DM: Actually, in the high performance computing (HPC) space, on top of Linux, that’s where we see it mostly today. In the enterprise, the pickup is a little slower, largely because they have such long certification cycles. We see 64-bit Linux out there that people are playing with, and some of the databases people are looking at.
Do you think the delay in the Windows availability has retarded that development a little bit?
DM: Well, it certainly doesn’t help. But honestly, the movement toward 64-bit pervasively across the enterprise isn’t something we expected to happen over the course of small single-digit quarters. These big enterprises are pretty conservative; they have long certification and qualification cycles. A lot of them have already been playing for quite some time with the Windows operating system from a beta perspective. So yeah, that’s slowed it down a little bit, but I wouldn’t say fatally or fundamentally.
Is the availability of a 64-bit Windows operating system a key buying decision with some of the potential customers out there? Are people delaying their purchases until that arrives?
DM: I was talking to customers from financial institutions, and they all understand the value proposition Opteron has as a 32-bit machine. And the adoption of Opteron in the enterprise today has been more limited by the availability of enterprise class systems from OEMs, which of course are now starting to show up from Sun and HP. Next, these guys need to get the boxes out in their environments; qualified and running the applications they are running today. Opteron delivers such phenomenal performance in today’s 32-bit environment that there is huge demand for those boxes today, independent of 64-bits. So from what I’m seeing, the 64-bit play is really the icing on the cake.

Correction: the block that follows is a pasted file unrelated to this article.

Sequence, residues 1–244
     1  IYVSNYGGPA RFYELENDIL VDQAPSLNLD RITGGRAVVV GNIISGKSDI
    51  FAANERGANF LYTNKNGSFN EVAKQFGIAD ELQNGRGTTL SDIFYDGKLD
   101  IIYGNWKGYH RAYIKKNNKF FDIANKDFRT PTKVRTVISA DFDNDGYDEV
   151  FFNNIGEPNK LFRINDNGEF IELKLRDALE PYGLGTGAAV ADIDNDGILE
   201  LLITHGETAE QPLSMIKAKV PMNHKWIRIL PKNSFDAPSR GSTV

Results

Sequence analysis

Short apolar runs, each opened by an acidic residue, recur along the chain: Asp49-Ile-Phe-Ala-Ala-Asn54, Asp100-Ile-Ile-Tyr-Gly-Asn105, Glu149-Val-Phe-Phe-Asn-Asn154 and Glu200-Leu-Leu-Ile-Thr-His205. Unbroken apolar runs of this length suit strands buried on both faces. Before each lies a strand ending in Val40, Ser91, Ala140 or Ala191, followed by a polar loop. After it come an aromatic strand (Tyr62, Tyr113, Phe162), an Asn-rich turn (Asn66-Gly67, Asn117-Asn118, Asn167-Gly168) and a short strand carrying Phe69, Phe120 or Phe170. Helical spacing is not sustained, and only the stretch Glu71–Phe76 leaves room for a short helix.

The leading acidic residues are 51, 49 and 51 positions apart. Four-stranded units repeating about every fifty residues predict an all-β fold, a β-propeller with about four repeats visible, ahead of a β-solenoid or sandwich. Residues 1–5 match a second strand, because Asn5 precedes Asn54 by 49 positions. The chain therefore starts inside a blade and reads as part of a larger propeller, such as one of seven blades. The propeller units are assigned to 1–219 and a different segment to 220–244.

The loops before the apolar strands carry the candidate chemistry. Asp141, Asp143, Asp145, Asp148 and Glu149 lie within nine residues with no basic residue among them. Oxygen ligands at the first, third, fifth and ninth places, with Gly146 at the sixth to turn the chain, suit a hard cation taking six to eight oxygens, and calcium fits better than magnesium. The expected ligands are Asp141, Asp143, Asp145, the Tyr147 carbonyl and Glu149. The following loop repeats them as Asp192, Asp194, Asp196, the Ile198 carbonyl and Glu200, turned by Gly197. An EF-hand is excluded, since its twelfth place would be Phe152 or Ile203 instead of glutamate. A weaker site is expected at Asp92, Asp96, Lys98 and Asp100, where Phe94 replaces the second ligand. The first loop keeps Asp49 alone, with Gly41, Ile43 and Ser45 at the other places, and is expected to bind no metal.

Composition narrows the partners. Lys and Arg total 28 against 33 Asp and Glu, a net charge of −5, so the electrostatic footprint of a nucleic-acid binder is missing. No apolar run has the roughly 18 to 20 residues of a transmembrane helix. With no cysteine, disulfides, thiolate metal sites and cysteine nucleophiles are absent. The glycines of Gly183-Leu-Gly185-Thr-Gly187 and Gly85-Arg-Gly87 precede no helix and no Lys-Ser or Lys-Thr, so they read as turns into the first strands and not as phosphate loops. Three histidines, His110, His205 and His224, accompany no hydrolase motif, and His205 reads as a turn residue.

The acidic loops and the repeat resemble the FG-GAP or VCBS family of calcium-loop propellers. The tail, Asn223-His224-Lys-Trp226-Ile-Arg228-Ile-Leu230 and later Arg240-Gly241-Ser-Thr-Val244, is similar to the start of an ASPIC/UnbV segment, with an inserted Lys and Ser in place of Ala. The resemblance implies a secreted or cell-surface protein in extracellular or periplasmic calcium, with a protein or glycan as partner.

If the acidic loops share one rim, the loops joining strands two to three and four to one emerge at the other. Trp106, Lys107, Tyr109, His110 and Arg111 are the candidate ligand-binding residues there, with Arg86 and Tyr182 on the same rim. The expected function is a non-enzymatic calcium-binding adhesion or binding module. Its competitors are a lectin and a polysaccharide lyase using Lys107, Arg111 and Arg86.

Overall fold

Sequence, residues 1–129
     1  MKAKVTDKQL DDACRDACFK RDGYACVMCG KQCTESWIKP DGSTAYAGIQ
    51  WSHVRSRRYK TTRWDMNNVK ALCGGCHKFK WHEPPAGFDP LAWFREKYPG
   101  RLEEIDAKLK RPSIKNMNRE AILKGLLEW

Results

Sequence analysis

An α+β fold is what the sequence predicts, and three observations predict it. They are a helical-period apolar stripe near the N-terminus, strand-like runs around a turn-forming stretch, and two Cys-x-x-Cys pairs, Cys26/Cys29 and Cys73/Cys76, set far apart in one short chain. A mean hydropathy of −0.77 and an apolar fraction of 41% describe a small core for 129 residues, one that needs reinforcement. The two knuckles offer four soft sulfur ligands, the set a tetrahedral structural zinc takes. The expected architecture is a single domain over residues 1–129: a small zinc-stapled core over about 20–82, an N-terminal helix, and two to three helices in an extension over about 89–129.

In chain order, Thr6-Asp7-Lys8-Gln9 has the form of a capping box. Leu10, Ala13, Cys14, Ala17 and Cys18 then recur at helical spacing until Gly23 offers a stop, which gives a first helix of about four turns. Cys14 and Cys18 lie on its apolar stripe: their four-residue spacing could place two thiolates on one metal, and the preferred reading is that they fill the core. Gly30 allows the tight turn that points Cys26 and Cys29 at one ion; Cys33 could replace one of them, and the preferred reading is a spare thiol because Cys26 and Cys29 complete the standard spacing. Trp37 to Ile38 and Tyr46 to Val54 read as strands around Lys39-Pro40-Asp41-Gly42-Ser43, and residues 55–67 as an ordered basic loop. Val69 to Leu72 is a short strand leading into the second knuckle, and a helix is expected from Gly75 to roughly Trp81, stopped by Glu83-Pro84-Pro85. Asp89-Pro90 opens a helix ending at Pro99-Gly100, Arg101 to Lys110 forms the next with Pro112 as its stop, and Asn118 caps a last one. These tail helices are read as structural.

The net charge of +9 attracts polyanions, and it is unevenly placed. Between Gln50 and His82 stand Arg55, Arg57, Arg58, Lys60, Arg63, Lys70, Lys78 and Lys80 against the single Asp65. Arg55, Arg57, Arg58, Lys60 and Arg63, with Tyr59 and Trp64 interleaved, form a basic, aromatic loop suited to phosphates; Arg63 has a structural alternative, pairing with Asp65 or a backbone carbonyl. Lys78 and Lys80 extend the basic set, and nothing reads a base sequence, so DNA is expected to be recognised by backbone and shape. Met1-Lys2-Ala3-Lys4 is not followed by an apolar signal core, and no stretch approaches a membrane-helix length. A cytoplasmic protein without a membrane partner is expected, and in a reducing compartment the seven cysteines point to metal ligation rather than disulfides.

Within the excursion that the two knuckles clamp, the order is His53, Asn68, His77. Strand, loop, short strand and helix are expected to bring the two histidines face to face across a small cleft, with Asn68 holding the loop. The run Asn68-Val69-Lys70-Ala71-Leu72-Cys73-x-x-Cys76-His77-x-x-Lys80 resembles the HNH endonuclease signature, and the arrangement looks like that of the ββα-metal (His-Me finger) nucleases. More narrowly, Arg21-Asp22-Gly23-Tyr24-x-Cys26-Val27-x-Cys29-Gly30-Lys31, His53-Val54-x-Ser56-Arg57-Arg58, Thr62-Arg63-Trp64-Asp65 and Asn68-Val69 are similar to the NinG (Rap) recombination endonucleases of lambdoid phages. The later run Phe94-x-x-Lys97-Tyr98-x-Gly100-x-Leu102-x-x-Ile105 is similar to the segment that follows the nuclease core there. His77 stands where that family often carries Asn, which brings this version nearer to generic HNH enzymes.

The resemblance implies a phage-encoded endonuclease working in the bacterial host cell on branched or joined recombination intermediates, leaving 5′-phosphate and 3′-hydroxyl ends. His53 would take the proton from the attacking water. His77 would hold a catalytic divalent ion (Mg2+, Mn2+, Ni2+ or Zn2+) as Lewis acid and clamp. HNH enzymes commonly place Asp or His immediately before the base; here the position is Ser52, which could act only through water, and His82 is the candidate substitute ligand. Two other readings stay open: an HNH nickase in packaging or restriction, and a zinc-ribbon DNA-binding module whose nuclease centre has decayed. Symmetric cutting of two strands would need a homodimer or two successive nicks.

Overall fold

From an architectural standpoint, is the chip as it is today something that will be able to work on a majority of enterprise workloads?
DM: First of all, it’s interesting to note from the server volume perspective that there’s a huge volume inside the enterprise represented by (two-processor) and (four-processor) servers. In particular, the (two-processor) servers are often the 2U (3.5-inch) boxes with redundant power supplies. And that’s a configuration that we don’t have on the marketplace yet.
A lot of the work we need to do in the near term is to broaden our product mix with the OEMs to get enterprise-class boxes out there.